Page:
Most CD players today (at least, most CD players today that don’t cost as much as a new car) seem to either go for a euphonic approach to sonic replay, or a version of ‘neutral’ that is stark and emotionless. To my mind, these are two different kinds of wrong, but without dCS-grade money to hand, usually the only other way to correct this is to buy second-hand and hope the transport mechanism isn’t on its last legs. The Blak is one of those rare players that sits between these two extremes, and reminds me of some of the great well-balanced CD players of the past (like the TEAC VRDS-10, the Marantz CD-17, and the Meridian 508.24).

How this presents itself in musical terms is it creates a sound that is writ large – the soundstage in particular is extremely wide and deep, but the instruments within that soundstage rarely appear oversized. This is incredibly important when playing Panufnik’s ‘Sinfonia Votiva’ [Boston SO, Seiji Ozawa, Hyperion], which is a 1981 recording of great energy and fine recording quality, as it can so easily move from modern religious passion to blurred and overblown arpeggios. The Blak comfortably teases out the themes from the ornament. This track also needs an excellent sense of scale and solidity to give the recording the power Ozawa is so good at releasing, and once again the Blak excels in this respect. But perhaps the most important aspect of the player’s performance revealed in this (and other recordings) is that trade-off between euphonic richness and stark clarity that is so commonly a function of modern CD players. Too much in one direction and this sounds like badly-edited plainsong, too much in another and it sounds like an orchestra rehearsing for the soundtrack for a Soviet-era cartoon about the perils of tractor production. Here, however, it simply sounds like Panufnik’s religious works.

Roksan has made an exceptionally clean and precise sounding player. It has a fine, tidy, and well-structured sense of rhythm. The secret to this is not to simply play something with a simple 4/4 time signature, but something that throws your foot-tapping way off balance, such as Dave Brubeck’s 5/4 time ‘Take Five’ or the alternating 9/8 and 4/4 time signatures on ‘Blue Rondo à la Turk’ [both from Time Out, Columbia]. The ability to tap your foot to such a difficult rhythmic concept is to no small degree dictated by the timing precision of the player, and the Roksan has no problems at all here. And yet, it’s not so bound by its rhythmic concerns to be incapable of anything apart from foot-tapping. A lot of my music doesn’t follow formal tempo structures, and a Schoenberg piece is arguably more about its timbral and tonal qualities, rather than merely tonal – elements at which the Black is equally adept.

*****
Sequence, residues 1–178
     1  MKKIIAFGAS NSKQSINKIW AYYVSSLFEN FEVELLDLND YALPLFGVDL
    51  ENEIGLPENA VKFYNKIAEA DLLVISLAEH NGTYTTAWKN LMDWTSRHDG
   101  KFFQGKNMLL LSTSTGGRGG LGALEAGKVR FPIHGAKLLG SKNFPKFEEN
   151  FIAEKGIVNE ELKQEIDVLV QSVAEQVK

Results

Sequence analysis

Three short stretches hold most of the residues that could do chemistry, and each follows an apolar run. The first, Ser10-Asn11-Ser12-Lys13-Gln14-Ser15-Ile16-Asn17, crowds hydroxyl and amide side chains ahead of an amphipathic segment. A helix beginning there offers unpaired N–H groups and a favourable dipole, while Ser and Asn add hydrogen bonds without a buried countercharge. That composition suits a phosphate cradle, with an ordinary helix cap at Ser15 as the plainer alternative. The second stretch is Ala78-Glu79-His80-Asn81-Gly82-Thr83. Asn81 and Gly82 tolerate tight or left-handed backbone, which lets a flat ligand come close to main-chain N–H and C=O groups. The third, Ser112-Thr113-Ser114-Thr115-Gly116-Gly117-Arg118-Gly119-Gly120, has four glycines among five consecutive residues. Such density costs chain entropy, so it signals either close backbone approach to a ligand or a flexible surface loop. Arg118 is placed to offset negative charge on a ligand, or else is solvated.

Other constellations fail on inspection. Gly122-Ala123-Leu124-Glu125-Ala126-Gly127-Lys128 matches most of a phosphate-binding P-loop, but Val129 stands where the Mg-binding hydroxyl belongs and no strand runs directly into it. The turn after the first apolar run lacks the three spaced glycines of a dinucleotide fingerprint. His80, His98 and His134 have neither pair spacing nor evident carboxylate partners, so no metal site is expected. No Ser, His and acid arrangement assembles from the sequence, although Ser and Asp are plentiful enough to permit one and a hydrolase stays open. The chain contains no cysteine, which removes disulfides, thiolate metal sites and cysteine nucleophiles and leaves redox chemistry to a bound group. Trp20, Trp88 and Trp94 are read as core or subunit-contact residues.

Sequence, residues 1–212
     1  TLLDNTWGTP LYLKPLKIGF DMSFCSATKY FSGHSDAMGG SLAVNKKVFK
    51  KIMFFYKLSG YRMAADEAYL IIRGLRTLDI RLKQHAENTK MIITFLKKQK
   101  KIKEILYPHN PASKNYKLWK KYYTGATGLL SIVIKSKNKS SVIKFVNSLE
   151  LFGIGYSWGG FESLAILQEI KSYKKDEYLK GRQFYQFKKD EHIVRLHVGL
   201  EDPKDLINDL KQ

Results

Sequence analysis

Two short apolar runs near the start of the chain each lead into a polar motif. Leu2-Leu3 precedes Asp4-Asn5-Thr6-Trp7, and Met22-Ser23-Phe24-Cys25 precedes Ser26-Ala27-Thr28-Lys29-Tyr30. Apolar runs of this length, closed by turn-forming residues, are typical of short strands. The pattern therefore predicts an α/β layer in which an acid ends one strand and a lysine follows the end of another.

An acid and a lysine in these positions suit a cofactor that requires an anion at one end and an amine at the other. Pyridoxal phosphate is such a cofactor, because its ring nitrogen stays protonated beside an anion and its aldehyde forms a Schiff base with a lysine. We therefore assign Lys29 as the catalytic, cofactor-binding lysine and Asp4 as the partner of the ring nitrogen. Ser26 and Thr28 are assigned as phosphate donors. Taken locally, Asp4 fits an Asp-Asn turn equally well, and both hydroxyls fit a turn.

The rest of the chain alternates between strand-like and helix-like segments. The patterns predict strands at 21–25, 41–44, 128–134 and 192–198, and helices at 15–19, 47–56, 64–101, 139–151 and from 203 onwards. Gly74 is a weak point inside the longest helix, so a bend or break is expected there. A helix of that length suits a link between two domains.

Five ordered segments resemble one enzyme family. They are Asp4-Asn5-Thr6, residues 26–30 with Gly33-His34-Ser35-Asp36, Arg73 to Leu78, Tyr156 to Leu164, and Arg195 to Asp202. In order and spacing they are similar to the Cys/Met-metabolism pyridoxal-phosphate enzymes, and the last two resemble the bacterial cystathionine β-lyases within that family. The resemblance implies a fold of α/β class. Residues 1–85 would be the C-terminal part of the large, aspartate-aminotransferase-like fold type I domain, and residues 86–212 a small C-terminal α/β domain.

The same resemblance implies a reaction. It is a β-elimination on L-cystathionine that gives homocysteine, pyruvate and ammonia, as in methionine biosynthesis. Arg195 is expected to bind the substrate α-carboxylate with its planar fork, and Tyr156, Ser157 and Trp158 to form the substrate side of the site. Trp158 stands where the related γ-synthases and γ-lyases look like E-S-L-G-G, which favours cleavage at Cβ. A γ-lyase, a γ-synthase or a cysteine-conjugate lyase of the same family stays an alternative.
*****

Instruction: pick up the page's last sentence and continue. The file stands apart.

A problem with picking out aspects of a performance, is they often look to micromanaging the discussion of sound quality, instead of looking at the player’s performance as a gestalt. But, with the Blak it’s hard not to look at music in any other way because the sound is holistic in intent. You aren’t drawn to the microdynamics of a piece, for example, because they aren’t highlighted or accented on the Blak, rather than they simply aren’t that well covered.

I suspect many Roksan Blak CD players will be sold as matching components to the Roksan Blak amplifiers. This is a shame, as the player is a fine standalone product in its own right. It offers a balance of CD playing properties that were lost at this price point. In fact, the word ‘balance’ perhaps best sums up the Blak’s musical performance. There are other players at this price (or even lower) that can deliver a more exciting sound, but at the expense of the accuracy. There are also others that can return a more accurate sound, but at the expense of the musical excitement. The Blak is one of the few today at the money that can offer both. Is this the start of CD’s comeback? Maybe, and it comes strongly recommended.


  • Type: Red Book CD player
  • Analogue outputs: One pair RCA single-ended stereo line-level outputs, one pair XLR balanced stereo line-leve outputs
  • Digital outputs: 1x TOSlink S/PDIF, 1x coaxial S/PDIF (on RCA socket), 1x AES/EBU (on single three-pin XLR).
  • Supported disc formats: 16-bit, 44.1kHz Red Book LPCM only
  • Peak Output: 2.5V
  • THD @ 1kHz, 0dB: less than 0.001%
  • Linearity @ 1kHz: >89dB
  • Jittert: < 135ps
  • Signal to Noise Ratio: > 108dB
  • Stopband Rejection: > 100dB
  • Finish: Anthracite, Charcoal, Opium
  • Dimensions (H×W×D): 140 × 440 × 309mm
  • Weight: 8kg
  • Price: £2,500

Manufacturer: Roksan Audio

Tel: +44 (0)20 8900 6801


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By Nicholas Ripley